Dr. Aditya Mohite designs and synthesizes materials and devices for converting solar energy into fuels. The direct conversion of abundant feedstocks such as water, carbon dioxide, and nitrogen to fuels using only solar energy is a promising way to achieve reliable and on-demand sustainable clean energy. For example, the generation of green hydrogen via unassisted (i.e., no external voltage) solar water-splitting requires a minimum potential difference of 1.6-1.7 V. Yet, the large voltage requirements restrict the choice of available materials and have prompted the development of several strategies for solar-driven water splitting to generate green hydrogen. Students will be able to understand and test integrated photoreactors coupled with hydrogen evolution catalysts to drive water-splitting. Students will also collect experimental data and then learn to analyze efficiency and provide feedback to inform materials and device design. Click here to learn more about this lab.
Research Topic 2: Energy Storage and Management
Dr. Lisa Biswal applies colloidal and interfacial phenomena to tackle problems related to sustainable energy production. An example project includes designing and characterizing advanced composite materials composed of silicon and carbon nanotubes as anodes for lithium batteries. These anodes have ten times the capacity for lithium compared to current anodes. Another project is synthesizing surfactant micelles containing ionic liquids to replace environmentally hazardous solvents, such as benzene, toluene, and xylene, commonly used in the petrochemical industry. New research projects include fabricating electrochemical cells that can extract lithium from geothermal brines. Students will work closely with Dr. Biswal and graduate student mentors to learn experimental surface chemistry, transport properties, and characterization methods to contribute to advancing these research projects. Click here to learn more about this lab.
Dr. Ming Tang uses mesoscale modeling and characterization techniques to simulate and observe structural and functional materials over a protracted length of time. They apply theory and experimentation to understand and predict thermodynamic stability and kinetics of mesoscale structures under varying stimuli for optimizing performance. Click here to learn more about this lab.
Dr. Geoff Wehmeyer focuses on fundamental thermal transport mechanisms at the nanoscale and leverages knowledge to develop energy-relevant thermal devices. Students will work on projects focused on Nano-Thermal Energy Devices including developing active thermoelectric cooling modules using carbon nanotube fibers/tapes produced at Rice University; performing thermal measurements to optimize the thermal capacity and charge/discharge rates of phase-change thermal energy storage systems incorporating high-thermal conductivity nanocomposites; and implementing thermal regulator devices for improved passive thermal control and reliability of batteries used in electric vehicles. Click here to learn more about this lab.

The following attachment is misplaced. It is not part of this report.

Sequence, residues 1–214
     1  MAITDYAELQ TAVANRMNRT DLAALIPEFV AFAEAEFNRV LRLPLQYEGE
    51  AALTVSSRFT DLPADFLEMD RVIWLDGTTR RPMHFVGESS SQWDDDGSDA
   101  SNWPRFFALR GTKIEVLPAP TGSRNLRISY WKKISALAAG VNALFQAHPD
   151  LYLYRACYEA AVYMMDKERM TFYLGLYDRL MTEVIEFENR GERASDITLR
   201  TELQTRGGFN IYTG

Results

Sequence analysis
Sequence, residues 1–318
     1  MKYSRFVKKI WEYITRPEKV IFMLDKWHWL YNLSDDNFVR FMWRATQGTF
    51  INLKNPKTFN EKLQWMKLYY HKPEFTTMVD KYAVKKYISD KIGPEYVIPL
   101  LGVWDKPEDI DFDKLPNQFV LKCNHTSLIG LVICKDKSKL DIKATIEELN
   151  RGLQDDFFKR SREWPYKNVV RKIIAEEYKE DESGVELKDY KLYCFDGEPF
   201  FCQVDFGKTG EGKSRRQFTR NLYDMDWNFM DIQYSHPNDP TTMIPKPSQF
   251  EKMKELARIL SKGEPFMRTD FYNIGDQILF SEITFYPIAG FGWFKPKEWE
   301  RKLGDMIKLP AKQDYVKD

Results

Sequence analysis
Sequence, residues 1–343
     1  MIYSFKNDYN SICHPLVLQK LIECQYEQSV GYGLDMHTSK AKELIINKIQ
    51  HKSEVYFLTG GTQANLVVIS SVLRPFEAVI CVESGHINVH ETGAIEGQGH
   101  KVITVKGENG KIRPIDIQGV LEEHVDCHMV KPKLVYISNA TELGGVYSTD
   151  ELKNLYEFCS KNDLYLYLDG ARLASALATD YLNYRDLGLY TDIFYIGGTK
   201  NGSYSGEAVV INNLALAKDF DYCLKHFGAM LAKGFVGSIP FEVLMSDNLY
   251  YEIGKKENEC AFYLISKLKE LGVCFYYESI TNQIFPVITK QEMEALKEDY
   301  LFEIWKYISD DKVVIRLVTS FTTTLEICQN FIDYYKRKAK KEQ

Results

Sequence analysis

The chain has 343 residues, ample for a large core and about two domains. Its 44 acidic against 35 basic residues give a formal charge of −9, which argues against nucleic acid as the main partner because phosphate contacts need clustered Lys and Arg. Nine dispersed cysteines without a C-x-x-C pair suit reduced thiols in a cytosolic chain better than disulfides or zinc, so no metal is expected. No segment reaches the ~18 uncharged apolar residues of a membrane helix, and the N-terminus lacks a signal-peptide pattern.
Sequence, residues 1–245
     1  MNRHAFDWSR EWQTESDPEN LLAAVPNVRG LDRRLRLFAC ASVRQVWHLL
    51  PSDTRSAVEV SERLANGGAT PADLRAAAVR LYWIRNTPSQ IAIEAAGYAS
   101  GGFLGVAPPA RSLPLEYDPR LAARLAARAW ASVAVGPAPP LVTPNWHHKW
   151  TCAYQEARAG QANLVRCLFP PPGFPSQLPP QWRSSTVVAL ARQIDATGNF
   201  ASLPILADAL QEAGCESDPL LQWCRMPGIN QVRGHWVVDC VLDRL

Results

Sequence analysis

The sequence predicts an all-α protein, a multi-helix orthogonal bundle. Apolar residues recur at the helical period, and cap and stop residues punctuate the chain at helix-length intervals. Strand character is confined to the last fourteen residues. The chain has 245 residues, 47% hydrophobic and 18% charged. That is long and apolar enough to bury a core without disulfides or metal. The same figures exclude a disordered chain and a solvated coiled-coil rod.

Research Topic 3: Water Purification
Dr. Pedro Alvarez examines the potential impacts of nanomaterial use and disposal on microbes. The widespread production of engineered nanomaterials and their rapid incorporation into consumer products is outpacing research into health and environmental impacts. Students will also exploit some of these materials' antibacterial and catalytic properties in engineered systems as substitutes for chemical disinfectants that generate harmful byproducts. Click here to learn more about this lab.
Dr. Qilin Li focuses on physical and chemical processes that impact water quality in natural aqueous and engineered treatment systems and on applying novel physicochemical treatment processes for water purification and reuse. Students will investigate the mechanisms responsible for ion selectivity and evaluate the performance of the selective membranes in an electrodialysis process. Click here to learn more about this lab.
Dr. Thomas Senftle applies computational tools, including density functional theory, microkinetic modeling, and classical molecular dynamics, to study the behavior of heterogeneous catalysts. Students will pursue two project areas: electrochemical reduction of nitrate to innocuous nitrogen to identify effective catalyst compositions composed of earth-abundant materials and electrochemical reduction of CO2 into fuels to understand how pH affects product selectivity. In both projects, participants will walk away with a new understanding of the governing reaction mechanisms gained from the simulation will be used to optimize catalytic activity and selectivity while minimizing cost. Click here to learn more about this lab.
- Benefits & Expectations
The expectations of the Climate and Sustainability REU interns include, but are not limited to:
Working full-time (40 hours/week) in the laboratory for the duration of the internship;
Documenting summer hours and submitting time sheets on time;
Completing a poster on summer research;
Attending all REU related field trips;
Attending and presenting at a research symposium; and
Timely completion and submission of all course assignments and homework.
For completing all program requirements, interns will receive:
10-weeks worth of sustained and supported professional development at Rice University;
$8,250 in stipends (spread out over the summer);
Free economy parking at Rice University;
Networking opportunities with fellow students; and
Training and guidance in presenting and delivering scientific poster presentations.
- Program Flyer
Below is copy of the Climate and Sustainability REU flyer. You can access a PDF version for download here.
Climate and Sustainability REU Administration
If you have any questions about the Climate and Sustainability REU, please contact the program lead.
Faiza Zafar, Ph.D.
Assistant Director for Equitable Research, Evaluation, and Grant Development
713-348-8215 | email@example.com
Robbin Clay, Ed.D.
713-348-3198 | firstname.lastname@example.org